Can’t find a marriage record? Look for the Gretna Green

What is Gretna Green?

I found this blog about missing marriage records. It suggests looking for the Gretna Green. Websters defines Gretna Green as a place many eloping couples are married. After reading, I would restate the definition as a place where the marriage laws are not as strict. I was curious of the meaning and origin of the name, and in researching encountered a bit of English and Scottish history.

First a bit of English history

In England, prior to 1695, marriage was governed by cannon law of the Church of England which recommended banns be called or a marriage license obtained and the couple be married by an anglican minister at a church where one of them was a member. While this was the normal practice in the 1600’s, a number of secret, or irregular marriages, marriages not conforming to Church law (without the use of banns and/or being preformed in a church that was not local to either of the couple, but still viewed as legitimate), were taking place. The Marriage Duty act of 1695 attempted to put an end to that by fining clergymen who performed marriages away from home parishes or without banns. Unfortunately as this act was mainly written to raise revenue for the war with France and had a loophole where ministers in the area around the Fleet prison (known as Liberties of the Fleet), a prison for debtors, could not be prosecuted against. As a result a number of clandestine or Fleet marriages continued. By the early 18th century it is estimated that 1/3 of all English marriages were irregular marriages, by 1750 about 50% of the marriages in London were Fleet Marriages. There were many reasons including, cost, speed, no parental consent, secrecy, bigamy, debt, or even backdating a marriage certificate. In 1753 England passed the Clandestine Marriages Act which in addition to banns books, required a separate form with signatures of the bride, groom, minister and two witnesses. Also, if under 21, parental consent was required. Note the act did not apply to Quaker or Jewish marriages

While the Clandestine Marriages Act, ended Fleet marriages it had no application to overseas marriages, or marriages celebrated in Scotland.

Enter Gretna Green Scotland

Although in Scotland ‘regular’ marriages also consisted of reading banns for three weeks at the church of both the bride and groom and being married by a priest at the parish of either the bride or groom. Scottish law allowed couples over 16 to marry without parental consent. Scotland also allowed for ‘irregular’ marriages. Although looked down upon by the church, they were accepted rather than let the couple be living in sin. These marriages could be either ‘marriage by declaration‘ or ‘handfasting’ where a man and woman could declare their marriage in front of two witnesses (allowed in Scotland until 1940). Once word got to England, a steady stream of couples headed for the Scottish border.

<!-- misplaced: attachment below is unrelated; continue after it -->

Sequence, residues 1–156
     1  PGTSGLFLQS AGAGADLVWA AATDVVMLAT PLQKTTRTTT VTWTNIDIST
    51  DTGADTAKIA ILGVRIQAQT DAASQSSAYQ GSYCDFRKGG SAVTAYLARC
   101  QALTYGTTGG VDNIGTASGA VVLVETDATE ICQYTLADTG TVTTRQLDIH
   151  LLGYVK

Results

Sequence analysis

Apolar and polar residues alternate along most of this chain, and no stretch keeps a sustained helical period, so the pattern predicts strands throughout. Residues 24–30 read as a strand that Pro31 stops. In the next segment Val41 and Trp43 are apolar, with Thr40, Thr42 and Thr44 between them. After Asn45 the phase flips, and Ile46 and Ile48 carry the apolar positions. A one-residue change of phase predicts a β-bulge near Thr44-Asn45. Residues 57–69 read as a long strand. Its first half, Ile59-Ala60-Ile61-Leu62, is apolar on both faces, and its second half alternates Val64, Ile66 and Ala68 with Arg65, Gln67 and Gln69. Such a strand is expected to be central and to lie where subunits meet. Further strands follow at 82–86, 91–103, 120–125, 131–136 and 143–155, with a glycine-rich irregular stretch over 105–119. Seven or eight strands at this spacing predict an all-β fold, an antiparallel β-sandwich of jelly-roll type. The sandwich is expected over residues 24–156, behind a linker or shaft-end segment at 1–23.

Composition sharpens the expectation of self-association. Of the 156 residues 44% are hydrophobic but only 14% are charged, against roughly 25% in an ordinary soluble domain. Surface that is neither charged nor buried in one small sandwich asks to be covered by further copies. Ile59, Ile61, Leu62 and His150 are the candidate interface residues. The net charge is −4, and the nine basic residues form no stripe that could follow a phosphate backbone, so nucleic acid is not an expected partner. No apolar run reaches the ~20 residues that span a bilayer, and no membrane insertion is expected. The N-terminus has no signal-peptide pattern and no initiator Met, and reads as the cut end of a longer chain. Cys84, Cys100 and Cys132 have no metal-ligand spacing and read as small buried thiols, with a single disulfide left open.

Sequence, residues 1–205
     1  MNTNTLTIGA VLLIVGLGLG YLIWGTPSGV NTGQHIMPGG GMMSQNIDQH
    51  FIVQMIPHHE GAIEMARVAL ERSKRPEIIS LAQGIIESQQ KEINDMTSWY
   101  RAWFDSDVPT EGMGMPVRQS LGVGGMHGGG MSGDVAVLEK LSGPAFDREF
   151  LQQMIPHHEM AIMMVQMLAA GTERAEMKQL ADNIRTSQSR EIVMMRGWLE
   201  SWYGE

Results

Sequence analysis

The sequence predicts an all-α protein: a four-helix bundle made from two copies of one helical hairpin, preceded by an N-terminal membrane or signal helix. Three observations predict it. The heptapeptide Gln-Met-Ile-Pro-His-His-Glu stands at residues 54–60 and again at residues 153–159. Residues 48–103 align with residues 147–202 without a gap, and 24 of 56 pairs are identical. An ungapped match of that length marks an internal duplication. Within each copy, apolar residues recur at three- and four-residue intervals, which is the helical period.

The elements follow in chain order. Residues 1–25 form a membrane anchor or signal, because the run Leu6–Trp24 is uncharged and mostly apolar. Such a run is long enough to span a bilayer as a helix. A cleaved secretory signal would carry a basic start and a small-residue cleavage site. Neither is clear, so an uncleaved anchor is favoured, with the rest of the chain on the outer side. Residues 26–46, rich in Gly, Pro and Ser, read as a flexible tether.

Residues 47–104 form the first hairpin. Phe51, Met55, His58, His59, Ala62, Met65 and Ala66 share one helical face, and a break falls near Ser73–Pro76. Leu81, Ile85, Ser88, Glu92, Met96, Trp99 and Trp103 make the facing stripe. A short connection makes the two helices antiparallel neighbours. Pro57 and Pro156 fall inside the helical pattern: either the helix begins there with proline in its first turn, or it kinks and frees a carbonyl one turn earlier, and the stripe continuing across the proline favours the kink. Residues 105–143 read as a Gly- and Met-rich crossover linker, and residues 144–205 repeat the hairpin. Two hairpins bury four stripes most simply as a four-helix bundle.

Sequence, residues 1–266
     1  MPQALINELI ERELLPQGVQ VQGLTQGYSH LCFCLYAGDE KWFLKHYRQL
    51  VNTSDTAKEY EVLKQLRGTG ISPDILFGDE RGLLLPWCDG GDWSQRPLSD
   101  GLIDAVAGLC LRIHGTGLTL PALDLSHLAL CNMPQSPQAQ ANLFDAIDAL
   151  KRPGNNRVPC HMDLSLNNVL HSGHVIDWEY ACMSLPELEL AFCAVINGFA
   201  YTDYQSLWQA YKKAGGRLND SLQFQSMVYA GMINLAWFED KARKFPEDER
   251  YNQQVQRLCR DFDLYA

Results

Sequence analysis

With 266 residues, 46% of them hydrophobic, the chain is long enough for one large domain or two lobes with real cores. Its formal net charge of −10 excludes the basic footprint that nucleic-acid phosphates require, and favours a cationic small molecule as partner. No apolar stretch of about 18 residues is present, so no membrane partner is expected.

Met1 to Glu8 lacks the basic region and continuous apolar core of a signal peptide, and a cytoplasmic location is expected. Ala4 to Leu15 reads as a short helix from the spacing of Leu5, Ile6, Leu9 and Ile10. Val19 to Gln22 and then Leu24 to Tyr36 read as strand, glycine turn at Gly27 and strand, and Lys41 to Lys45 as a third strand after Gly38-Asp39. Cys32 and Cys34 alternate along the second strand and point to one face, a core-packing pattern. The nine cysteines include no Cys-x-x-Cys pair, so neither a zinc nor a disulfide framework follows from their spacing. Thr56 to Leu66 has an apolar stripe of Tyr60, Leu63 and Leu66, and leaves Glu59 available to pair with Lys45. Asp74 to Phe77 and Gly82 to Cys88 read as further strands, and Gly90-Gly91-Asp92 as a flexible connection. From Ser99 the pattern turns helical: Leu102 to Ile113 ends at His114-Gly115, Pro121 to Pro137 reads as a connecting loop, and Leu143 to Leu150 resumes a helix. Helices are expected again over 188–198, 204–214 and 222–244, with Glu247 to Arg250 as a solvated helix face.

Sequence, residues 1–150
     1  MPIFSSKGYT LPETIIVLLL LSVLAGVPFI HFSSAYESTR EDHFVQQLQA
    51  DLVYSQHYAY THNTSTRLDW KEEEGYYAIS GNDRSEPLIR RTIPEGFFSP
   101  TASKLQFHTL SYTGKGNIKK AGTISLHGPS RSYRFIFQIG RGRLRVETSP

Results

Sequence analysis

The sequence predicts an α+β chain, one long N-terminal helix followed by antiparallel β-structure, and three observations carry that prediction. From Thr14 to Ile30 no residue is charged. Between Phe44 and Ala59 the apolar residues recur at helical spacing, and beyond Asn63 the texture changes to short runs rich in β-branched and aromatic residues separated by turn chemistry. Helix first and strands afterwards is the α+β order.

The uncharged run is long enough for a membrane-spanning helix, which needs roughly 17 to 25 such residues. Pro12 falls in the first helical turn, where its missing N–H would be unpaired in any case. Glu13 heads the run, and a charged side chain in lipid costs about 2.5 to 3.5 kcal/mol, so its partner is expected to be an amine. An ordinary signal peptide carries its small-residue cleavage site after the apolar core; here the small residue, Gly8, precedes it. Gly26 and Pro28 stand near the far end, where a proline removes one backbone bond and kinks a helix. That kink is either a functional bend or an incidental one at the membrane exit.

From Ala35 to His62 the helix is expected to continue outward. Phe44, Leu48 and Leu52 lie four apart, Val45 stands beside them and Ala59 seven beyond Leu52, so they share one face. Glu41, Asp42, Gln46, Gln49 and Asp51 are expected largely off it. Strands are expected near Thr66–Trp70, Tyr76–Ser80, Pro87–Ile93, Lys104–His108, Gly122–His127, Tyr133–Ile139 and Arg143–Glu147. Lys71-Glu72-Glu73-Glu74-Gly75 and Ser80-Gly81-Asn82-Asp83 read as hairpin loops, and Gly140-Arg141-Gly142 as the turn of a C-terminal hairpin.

By stagecoach, Gretna Green was the first town they came to and the village blacksmith who serviced the coaches was the first building encountered. Enterprising blacksmiths quickly became ‘anvil priest’s’. This continued into the 1800’s and the advent of rail service in 1848. In 1856 Lord Brougham (who himself was married at Gretna Green) introduced the “Cooling Down Act” which required one of the couple to live in the parish they were to be wed for three weeks prior to the wedding. Although this did achieve the desired effect, Gretna Green farmers would look away when they found strangers using their barns as living quarters.

Look for the Gretna Green

So when searching for marriage records, if a record is not found in the usual places, it may be worthwhile to research those nearby towns where the marriage rules might not be as strict as where your ancestor lived. Finding the nearby Gretna Green’s may help you.

Greta Greens in the US, and here

This entry was posted in Uncategorized. Bookmark the permalink.

Leave a Reply

Fill in your details below or click an icon to log in: Logo

You are commenting using your account. Log Out /  Change )

Twitter picture

You are commenting using your Twitter account. Log Out /  Change )

Facebook photo

You are commenting using your Facebook account. Log Out /  Change )

Connecting to %s